BMW 7-Series (1977 – 1986) Review

BMW 7-Series (1977 – 1986) At A Glance


+Huge, sinister looking, wide and imposing

-Tuneful engine encouraging fast driving, and that means heavy fuel consumption - especially in the smaller engined versions

The replacement for the 2500/2800/3.0 series saloons arrived on the market in the middle of a downturn in sales for large cars. But despite a hostile commercial environment, the BMW 7-Series sold very well indeed, making huge gains over the older - and already impressive - cars.

Some would say that the 7-Series was polished, yet less appealing than its predecessor, and in a classic sense that's undoubtedly true - but again, it was an important car in the development of the company. It bristled with up-to-the-second technology such as a check computer and fuel injection in the top models, but some of the driving immediacy of the previous model was lost thanks to ballooning dimensions.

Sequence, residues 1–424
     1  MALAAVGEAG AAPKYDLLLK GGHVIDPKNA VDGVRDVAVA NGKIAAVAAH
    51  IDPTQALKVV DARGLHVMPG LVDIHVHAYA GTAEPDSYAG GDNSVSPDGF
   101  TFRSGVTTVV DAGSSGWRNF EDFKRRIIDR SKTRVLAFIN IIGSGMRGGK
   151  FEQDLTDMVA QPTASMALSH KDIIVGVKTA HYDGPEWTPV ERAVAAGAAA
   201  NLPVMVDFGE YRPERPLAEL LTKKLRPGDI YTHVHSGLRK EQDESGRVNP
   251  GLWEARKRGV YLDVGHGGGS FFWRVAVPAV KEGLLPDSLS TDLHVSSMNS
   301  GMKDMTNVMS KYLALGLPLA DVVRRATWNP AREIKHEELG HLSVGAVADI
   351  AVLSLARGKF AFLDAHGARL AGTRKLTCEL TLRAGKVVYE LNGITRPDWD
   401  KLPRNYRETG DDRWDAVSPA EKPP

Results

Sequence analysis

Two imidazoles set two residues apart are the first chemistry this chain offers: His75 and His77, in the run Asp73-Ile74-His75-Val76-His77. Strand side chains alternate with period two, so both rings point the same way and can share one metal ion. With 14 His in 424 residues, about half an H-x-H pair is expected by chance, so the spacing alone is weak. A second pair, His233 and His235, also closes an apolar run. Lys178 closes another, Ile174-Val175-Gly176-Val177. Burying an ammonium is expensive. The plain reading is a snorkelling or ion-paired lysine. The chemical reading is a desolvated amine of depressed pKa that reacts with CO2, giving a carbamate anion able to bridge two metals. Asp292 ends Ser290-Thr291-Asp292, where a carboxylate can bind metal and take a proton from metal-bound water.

Treated to a mid-life facelift that standardised engine management and improved efficiency and driveability, but it still lacked warmth. Despite this, the 7-Series matured into an excellent luxury saloon, with these later cars in particular proving to be devastating all-rounders. Few remain today, but one to look out for the is the Europe-only 745i model, powered by a 3.2-litre turbocharged power unit for a maximum speed of more than 140mph.